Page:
Vehicles

Popular Michelin Limo Tire Proves Hard To Find

Posted on August 3, 2011

E. HANOVER, N.J. & LOS ANGELES — Operators and tire dealers are dealing with a shortage of the only weight-rated tire best suited to stretch Town Car limousines as operators consider viable alternative tires.

The Michelin Energy LX4 245/60/17 tire @ 2,200 lbs. weight capacity has been commonly used on Town Car stretch models since 2003.

Tire dealers report that particular tire is on back order with no immediate plans to resume production. The main reason for the worldwide shortage: A tariff increase that President Obama placed on Chinese produced tires two years ago, prompting tire makers to produce tires in quantities and types that make them the most money.

Given the economics of tire manufacturing, there also could be another reason looming: The scheduled production close-out of the Lincoln Town Car on Aug. 31. Ford Motor Co. is replacing it with the 2013 Lincoln MKT Town Car, which goes into production in early 2012. That means operators throughout the limousine industry who consistently bought tire models suited to Lincoln Town Car sedans and stretches will be transitioning to other stretch limousine and chauffeured vehicle models in the next few years.

The tire shortage does not necessarily affect the Lincoln Town Car Executive L, which can use 225/60/17 tires. However, prices for Michelin 225s have increased substantially this year.

A public relations manager at the Michelin North America in Greenville, S.C. has not yet returned calls from Friday and Monday seeking comment. [LCT will update this article pending information from Michelin].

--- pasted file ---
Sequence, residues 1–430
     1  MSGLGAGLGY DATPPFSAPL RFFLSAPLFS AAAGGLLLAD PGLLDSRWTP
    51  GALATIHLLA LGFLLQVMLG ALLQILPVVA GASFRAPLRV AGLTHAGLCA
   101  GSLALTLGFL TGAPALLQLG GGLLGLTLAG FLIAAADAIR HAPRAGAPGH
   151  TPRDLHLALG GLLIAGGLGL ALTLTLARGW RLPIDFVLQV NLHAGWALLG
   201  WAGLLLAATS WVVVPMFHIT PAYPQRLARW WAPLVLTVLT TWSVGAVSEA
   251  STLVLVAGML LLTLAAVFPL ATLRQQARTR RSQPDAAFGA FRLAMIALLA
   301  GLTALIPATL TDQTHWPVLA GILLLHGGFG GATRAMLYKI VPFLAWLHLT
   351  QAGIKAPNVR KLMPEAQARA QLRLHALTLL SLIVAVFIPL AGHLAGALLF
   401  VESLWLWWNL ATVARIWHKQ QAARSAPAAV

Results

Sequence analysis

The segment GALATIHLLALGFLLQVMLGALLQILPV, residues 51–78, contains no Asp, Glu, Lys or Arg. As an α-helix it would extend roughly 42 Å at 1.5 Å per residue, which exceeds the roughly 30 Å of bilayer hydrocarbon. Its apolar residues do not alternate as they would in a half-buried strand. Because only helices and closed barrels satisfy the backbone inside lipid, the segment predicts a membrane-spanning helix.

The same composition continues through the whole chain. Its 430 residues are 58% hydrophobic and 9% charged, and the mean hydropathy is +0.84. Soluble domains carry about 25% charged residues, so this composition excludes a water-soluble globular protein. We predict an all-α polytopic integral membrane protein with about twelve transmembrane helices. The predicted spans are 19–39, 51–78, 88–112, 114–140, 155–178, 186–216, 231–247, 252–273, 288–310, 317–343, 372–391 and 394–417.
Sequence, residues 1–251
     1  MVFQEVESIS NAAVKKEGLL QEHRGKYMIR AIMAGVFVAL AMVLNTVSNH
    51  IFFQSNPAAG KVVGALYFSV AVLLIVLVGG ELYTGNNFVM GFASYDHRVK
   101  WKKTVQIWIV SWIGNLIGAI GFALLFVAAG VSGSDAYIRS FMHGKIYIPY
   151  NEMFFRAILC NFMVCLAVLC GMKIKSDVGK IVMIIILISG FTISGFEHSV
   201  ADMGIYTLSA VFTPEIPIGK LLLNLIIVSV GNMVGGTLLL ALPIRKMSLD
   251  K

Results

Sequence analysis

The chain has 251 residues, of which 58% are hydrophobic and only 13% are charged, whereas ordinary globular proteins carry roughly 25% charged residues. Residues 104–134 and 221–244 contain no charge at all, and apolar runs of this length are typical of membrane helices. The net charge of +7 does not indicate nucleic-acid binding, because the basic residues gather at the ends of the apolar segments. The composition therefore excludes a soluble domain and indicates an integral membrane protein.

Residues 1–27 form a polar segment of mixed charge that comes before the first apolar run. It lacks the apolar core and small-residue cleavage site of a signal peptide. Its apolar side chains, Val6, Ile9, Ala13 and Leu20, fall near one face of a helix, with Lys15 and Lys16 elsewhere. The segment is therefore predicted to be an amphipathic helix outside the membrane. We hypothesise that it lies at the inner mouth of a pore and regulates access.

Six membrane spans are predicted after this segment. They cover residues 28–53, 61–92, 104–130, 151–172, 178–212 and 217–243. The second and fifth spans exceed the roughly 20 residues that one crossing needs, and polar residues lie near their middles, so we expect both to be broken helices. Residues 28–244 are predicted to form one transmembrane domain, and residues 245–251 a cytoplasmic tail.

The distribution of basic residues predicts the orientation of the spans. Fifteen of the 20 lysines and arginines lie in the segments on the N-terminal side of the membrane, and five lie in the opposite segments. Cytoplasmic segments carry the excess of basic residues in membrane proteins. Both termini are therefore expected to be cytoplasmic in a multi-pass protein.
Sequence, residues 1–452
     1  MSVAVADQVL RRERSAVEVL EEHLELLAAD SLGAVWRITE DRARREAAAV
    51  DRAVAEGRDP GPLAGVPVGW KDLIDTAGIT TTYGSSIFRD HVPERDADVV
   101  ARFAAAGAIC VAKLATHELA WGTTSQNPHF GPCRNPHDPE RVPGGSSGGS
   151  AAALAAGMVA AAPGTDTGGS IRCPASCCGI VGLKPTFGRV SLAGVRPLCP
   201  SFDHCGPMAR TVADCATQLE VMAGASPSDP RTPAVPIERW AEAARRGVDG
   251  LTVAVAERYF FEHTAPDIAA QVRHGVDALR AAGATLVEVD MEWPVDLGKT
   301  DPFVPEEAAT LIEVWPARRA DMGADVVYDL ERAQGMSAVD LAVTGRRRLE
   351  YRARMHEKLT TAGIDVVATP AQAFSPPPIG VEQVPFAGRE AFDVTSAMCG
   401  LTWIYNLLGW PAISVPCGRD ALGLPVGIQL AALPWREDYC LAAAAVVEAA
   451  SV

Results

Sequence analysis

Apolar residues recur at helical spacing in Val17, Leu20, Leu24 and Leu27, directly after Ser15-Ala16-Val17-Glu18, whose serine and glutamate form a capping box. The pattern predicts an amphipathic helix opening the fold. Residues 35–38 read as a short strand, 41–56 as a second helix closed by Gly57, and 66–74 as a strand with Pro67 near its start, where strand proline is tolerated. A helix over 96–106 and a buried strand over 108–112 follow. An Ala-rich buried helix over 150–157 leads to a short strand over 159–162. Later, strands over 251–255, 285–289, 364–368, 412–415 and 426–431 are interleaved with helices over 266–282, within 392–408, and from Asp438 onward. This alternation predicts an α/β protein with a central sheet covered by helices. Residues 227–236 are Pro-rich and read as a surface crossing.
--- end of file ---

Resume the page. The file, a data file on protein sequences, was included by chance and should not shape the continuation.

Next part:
At Gogel Tire Exchange in E. Hanover, N.J., co-owner Stu Gogel has a unique perspective on the limo tire shortage; he and his brother, Howard, co-own the tire center and a 100-vehicle plus transportation operation called My Limousine.

Gogel reports that My Limousine uses Yokohama tires on the sedans and the Michelin 245s on the stretches. As of Monday, the tire center only had three Michelin Energy LX4 245/60/17 tires in stock.

“We put on Yokohamas and are thrilled with them,” Gogel told LCT. “They [cost] substantially less and are doing phenomenal work for the limousine company. It’s a win-win situation.” The Michelin 245s are on nationwide and regional back order, he said.

The Yokahama tire model used on My Limousine’s Town Car sedans is the Avid TRZ, 225/60/17. Gogel advises against using it on a stretch limousine since it doesn’t have the recommended weight rating. So far, My Limousine’s six stretches are still rolling, with the company having stocked up on enough of the Michelin Energy tires. My Limousine also operates about 90 Town Car sedans, in addition to shuttles, SUVs, vans and mini-buses.

Gogel broke down the various costs of tire models as follows:

  • A Michelin Energy LX4 245/60/17 tire costs: $180.95, including labor; balancing is $10.95; valve, $3.95; disposal, $4; New Jersey tire tax, $1.50; sales tax, $14.10; TOTAL: $215.46 per tire.
  • A Yokohama Avid TRZ 225/60/17 costs $129.95, including labor, and with all above added charges and taxes, TOTALS $160.88.